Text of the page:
The Caesar cipher is one of the most famous encryption methods, named after Julius Caesar, who used it to obsure his private correspondences. It's method for ecncryption and decryption is extremely simple. It requires a key, which can be any integer, positive or negative, representing the shift of each letter in the alphabet. As an example, shown in the below table, the default alphabet (A-Z) is shifted by both 3 and 7, resulting in the ciphered alphabet.

Alphabet | A | B | C | D | E | F | G | H | I | J | K | L | M | N | O | P | Q | R | S | T | U | V | W | X | Y | Z |
---|---|---|---|---|---|---|---|---|---|---|---|---|---|---|---|---|---|---|---|---|---|---|---|---|---|---|

Shift: +3 | D | E | F | G | H | I | J | K | L | M | N | O | P | Q | R | S | T | U | V | W | X | Y | Z | A | B | C |

Shift: +7 | H | I | J | K | L | M | N | O | P | Q | R | S | T | U | V | W | X | Y | Z | A | B | C | D | E | F | G |

The Message "Hello World" encoded using the second row would be "Khoor Zruog", while encoding it using the third row would result in the ciphered message "Olssv Dvysk"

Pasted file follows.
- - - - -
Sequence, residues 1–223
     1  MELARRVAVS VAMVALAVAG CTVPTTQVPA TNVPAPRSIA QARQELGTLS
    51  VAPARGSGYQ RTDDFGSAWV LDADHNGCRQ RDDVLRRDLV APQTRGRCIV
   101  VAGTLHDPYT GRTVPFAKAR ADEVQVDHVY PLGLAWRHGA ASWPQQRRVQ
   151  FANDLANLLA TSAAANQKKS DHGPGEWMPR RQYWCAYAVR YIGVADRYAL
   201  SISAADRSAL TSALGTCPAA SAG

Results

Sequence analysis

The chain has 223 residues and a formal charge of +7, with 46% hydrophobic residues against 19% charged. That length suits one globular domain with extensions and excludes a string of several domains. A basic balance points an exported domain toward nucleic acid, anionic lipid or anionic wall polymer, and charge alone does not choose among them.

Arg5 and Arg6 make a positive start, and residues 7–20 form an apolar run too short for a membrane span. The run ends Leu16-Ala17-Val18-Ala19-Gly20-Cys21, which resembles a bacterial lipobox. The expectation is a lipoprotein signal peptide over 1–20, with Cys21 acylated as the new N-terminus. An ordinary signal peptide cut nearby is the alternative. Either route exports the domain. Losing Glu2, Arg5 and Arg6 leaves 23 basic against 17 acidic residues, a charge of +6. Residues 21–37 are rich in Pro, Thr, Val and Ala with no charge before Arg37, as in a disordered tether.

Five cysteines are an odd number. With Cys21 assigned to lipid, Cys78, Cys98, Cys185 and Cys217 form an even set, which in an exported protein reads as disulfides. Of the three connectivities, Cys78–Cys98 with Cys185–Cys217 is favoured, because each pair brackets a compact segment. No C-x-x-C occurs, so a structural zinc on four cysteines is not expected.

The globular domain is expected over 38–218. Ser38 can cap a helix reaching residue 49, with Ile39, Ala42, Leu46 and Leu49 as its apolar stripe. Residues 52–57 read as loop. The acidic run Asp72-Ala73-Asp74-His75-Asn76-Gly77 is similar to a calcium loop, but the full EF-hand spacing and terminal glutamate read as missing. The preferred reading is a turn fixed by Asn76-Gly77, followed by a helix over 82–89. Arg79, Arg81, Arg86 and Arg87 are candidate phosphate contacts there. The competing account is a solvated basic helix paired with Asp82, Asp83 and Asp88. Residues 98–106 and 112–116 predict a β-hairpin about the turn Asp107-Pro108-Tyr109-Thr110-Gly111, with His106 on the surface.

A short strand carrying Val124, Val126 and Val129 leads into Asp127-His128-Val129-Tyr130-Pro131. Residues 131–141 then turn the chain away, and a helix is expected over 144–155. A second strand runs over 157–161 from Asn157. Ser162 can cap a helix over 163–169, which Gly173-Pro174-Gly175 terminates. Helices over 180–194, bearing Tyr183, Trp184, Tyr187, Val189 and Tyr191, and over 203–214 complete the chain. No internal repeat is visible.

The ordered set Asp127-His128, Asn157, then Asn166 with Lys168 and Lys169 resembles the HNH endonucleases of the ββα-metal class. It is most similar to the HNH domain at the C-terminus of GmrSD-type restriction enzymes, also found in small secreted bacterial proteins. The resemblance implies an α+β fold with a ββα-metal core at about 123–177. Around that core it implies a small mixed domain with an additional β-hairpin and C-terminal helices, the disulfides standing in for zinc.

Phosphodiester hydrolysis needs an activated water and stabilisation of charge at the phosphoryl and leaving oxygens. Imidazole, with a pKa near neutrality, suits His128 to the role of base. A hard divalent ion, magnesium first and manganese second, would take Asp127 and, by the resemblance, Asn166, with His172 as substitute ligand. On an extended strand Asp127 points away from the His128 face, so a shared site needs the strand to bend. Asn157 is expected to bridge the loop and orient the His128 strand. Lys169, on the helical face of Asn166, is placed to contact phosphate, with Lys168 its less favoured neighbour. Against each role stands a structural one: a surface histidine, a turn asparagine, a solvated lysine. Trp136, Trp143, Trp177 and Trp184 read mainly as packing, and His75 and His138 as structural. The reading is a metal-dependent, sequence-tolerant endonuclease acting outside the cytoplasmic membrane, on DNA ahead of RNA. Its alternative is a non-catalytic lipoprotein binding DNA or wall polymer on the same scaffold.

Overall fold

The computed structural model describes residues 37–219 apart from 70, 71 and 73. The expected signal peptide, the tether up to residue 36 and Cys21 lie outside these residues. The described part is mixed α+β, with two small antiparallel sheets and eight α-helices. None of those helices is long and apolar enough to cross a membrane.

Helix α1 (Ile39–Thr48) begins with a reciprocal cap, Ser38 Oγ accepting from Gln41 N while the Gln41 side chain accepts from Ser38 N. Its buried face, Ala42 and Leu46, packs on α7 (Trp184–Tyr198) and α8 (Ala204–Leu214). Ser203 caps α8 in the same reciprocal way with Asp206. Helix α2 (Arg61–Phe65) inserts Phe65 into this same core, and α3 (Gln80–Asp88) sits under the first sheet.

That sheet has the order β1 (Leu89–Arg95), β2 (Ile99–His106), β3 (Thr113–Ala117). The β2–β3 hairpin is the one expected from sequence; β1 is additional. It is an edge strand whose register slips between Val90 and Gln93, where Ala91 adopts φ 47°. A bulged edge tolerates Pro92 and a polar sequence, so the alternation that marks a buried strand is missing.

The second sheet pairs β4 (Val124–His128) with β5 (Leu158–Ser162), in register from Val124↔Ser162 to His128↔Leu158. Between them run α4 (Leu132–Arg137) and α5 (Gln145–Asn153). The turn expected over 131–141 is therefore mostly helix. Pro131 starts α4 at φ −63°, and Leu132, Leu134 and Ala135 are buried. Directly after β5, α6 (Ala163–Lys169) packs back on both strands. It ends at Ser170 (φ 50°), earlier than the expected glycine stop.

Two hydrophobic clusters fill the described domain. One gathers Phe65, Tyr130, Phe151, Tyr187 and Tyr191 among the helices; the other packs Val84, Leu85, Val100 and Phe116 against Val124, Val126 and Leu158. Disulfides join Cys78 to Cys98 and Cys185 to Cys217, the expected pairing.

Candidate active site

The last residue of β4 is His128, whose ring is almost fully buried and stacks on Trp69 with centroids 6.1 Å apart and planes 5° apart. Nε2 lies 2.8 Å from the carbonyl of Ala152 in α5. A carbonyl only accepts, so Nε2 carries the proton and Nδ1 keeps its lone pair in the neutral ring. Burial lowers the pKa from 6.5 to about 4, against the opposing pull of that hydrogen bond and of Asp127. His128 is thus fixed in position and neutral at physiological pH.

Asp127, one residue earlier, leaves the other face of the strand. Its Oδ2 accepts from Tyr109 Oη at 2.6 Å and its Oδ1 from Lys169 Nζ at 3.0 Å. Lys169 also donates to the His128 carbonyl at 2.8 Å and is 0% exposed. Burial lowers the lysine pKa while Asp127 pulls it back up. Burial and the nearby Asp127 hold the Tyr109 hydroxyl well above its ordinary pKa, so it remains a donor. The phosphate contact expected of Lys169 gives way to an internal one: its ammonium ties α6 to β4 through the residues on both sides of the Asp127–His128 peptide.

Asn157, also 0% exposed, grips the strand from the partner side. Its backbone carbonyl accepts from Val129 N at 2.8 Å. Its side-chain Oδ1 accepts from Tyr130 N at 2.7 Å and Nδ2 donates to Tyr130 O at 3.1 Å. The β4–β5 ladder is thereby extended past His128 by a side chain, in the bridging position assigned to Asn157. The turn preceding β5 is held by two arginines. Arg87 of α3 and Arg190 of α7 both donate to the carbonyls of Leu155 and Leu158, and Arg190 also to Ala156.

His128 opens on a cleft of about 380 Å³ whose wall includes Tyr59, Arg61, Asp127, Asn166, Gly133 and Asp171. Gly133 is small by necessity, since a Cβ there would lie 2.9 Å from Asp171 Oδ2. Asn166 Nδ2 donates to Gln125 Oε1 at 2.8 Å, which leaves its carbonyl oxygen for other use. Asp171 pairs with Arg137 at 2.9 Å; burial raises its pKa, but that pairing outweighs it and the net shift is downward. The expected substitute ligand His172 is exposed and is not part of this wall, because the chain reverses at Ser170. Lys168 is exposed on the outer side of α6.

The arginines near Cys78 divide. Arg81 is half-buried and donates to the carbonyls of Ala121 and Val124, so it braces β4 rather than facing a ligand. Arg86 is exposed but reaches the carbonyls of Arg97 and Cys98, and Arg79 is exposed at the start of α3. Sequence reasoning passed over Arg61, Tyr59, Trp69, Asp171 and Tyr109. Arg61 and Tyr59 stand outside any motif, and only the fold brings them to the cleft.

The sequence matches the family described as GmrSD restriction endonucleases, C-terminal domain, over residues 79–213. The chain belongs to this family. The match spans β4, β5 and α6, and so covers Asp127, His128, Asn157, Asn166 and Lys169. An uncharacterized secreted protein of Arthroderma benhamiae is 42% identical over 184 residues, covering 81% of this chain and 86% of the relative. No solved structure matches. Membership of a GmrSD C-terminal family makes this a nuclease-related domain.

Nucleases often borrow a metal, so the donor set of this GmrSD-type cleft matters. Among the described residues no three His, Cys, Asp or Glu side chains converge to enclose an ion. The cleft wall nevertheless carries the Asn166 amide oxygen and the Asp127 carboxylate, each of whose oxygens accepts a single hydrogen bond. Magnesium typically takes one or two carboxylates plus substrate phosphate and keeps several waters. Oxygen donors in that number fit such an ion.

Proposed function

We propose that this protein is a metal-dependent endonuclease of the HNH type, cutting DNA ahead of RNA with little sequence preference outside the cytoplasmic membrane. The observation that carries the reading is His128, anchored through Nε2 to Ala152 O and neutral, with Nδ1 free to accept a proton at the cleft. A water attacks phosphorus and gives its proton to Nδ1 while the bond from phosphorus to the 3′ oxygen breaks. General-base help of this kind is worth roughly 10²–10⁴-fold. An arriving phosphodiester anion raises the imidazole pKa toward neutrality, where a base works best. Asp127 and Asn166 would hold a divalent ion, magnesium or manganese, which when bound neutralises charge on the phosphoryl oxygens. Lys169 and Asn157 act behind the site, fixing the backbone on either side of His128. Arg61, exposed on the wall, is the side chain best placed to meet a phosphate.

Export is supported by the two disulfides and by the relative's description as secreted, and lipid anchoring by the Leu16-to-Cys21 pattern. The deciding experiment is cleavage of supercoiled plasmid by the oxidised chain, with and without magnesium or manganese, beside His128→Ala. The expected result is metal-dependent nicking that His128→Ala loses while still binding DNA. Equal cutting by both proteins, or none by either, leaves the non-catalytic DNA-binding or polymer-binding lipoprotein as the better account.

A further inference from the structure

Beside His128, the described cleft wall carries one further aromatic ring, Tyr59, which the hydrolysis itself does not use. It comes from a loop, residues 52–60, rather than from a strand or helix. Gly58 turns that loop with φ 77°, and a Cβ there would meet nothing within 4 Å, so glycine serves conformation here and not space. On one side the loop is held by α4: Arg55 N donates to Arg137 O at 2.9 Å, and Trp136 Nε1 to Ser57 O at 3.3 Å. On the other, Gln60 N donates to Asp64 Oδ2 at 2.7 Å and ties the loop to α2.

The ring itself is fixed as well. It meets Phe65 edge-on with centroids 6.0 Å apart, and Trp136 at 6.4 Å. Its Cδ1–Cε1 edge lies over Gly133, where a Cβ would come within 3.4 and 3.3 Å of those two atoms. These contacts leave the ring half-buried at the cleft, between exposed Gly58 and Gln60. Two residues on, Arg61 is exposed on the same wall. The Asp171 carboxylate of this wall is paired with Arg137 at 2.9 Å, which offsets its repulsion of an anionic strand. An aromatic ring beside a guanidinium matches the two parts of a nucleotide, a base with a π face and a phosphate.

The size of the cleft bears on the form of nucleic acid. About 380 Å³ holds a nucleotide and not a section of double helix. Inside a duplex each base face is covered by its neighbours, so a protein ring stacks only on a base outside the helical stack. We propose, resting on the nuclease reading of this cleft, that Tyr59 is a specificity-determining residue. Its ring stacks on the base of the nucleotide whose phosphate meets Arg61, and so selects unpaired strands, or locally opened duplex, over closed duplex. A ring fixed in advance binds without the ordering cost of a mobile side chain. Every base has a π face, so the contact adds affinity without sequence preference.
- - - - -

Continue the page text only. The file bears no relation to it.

The mathmatical operation for encoding a character \(C\) with a given key \(S\) is shown below. \(C\) is equal to the character`s index in the caesar alphabet.

\(E_S(C)=(C+S)\mod 26\)Decryption is performed by subtracting the shift value instead of adding it.

\(D_S(C)=(C-S)\mod 26\)### Applications

The Caesar cipher offers virtually no cryptographic security, only hiding information from cursory glances. However, it is an excellent introduction to the cryptography concept of symmetric encryption, as it introduces the concept of a key (the "shift"), and the data (the message you want to obscure).

A more complex version of the Caesar cipher is the Vigenere cipher, which is essentially a Caesar cipher applied to two dimensions. The ROT-13 cipher is a Caesar cipher with a shift value of 13, and since there are 26 letters in the Latin alphabet, its encryption process is also its decryption process.